Colin Powell
Former Secretary of State Colin Powell announced he would break from the Republican Party to endorse President Obama for a second term. Reuters/Chip East

Mitt Romney got some unsolicited foreign policy advice Wednesday from Colin Powell, the former secretary of state and four-star general: Don’t rely on your advisers so much.

Powell said there are policy advisers on the former Massachusetts governor’s campaign team whose recommendations should get a once-over.

“When Gov. Romney, not too long ago, said the Russian Federation is our No. 1 geostrategic threat -- come on, Mitt. Think. That isn't the case,” said Powell, who has also served as chairman of the Joint Chiefs of Staff under Presidents George H.W. Bush and Bill Clinton and national security adviser to Ronald Reagan.

During an interview on MSNBC’s “Morning Joe,” Powell said some Romney foreign policy aides are “quite far to the right and, sometimes, I think, might be in a position to make judgments or recommendations to the candidate that should get a second thought.”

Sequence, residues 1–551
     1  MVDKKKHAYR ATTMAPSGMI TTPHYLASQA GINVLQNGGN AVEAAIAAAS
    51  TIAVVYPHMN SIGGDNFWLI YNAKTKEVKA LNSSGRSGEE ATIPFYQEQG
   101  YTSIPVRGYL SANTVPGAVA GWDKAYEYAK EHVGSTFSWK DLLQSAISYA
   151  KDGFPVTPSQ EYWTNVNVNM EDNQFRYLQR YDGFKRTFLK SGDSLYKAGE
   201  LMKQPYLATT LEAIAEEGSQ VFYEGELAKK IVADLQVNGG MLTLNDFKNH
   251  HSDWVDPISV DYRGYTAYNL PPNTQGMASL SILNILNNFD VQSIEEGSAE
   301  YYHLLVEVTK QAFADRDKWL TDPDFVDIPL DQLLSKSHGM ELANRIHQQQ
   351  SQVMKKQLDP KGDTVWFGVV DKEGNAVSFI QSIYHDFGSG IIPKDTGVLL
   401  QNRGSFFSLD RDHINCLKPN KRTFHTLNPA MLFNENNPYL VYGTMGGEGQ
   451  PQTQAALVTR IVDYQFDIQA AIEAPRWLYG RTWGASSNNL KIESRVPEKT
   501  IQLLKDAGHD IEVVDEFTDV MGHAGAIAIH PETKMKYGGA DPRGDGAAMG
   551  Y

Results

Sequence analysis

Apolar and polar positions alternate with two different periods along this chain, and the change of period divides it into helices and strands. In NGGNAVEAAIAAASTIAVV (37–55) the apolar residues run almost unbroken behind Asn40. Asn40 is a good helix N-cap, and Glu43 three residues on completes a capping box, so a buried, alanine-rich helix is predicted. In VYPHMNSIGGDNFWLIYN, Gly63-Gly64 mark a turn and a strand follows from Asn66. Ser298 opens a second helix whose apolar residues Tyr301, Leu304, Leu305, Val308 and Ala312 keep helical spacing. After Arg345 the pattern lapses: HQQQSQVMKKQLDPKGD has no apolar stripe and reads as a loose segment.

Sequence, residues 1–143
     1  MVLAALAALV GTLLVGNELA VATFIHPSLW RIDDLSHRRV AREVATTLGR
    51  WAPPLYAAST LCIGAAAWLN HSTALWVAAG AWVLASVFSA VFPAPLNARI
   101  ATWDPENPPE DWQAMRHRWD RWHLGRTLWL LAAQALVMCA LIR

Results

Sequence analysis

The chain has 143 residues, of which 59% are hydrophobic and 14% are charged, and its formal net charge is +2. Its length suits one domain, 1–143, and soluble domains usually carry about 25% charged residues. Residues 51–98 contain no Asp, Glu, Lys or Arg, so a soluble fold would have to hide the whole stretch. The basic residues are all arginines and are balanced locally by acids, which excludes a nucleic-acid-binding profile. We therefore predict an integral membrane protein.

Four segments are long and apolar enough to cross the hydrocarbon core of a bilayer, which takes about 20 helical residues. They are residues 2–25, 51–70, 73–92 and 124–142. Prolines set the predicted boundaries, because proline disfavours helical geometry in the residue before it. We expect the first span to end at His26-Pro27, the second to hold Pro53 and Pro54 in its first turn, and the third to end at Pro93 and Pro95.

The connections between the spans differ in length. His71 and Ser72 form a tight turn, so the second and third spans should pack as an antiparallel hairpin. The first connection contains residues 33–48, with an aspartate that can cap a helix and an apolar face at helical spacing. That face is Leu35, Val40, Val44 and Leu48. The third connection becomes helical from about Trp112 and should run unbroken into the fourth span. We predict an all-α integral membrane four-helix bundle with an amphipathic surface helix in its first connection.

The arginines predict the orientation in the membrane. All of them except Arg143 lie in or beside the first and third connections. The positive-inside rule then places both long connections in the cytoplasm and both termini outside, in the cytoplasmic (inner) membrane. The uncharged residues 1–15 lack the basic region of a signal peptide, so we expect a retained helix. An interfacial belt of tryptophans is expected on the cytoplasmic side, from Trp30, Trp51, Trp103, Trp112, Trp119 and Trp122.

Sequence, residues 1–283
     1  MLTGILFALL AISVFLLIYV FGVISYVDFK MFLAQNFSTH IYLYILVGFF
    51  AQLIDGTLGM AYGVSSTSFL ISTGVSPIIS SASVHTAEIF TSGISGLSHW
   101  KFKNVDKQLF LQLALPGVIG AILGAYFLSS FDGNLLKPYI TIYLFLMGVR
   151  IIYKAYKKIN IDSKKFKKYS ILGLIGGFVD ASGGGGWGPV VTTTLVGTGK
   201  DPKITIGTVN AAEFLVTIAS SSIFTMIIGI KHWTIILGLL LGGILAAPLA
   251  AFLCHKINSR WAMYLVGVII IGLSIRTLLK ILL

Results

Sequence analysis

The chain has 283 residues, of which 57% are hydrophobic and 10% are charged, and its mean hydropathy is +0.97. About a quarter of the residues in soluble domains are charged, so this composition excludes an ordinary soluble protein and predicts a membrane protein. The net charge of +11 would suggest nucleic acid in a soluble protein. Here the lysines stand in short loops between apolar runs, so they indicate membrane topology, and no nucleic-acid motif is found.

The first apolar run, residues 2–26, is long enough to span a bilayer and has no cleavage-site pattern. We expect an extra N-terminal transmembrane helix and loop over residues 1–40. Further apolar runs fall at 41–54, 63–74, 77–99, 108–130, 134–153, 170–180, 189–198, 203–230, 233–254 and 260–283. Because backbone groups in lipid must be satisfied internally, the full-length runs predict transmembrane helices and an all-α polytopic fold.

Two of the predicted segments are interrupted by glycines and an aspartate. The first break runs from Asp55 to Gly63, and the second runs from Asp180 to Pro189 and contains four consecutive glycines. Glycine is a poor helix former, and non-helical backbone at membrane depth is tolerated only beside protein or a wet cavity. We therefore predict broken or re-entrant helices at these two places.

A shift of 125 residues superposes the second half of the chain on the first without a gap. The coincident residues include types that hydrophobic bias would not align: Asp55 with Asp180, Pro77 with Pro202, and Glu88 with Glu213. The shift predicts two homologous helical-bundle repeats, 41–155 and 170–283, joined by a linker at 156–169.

Powell’s remarks came a day after appearing on NBC’s “Today” Show, where he praised President Barack Obama for stabilizing the economy and aiding the auto industry, yet declined to give an endorsement, as he did in 2008.

Powell, a Republican who served under three GOP administrations, said he would consider backing Romney and wanted to hear what the presidential hopeful has to say about fixing the economy.

“I always keep my powder dry,” Powell said.

But on Wednesday, Powell took Romney to task on foreign policy, mentioning how poorly the Republican Party's seasoned international affairs experts received the candidate's remarks on Russia being the U.S.'s top geopolitical foe.

“It’s been catching a lot of heck from the more regular GOP foreign affairs community. We’re kind of taken aback by it,” Powell said. “Look at the world, there’s no pure competitor to the United States of America.”

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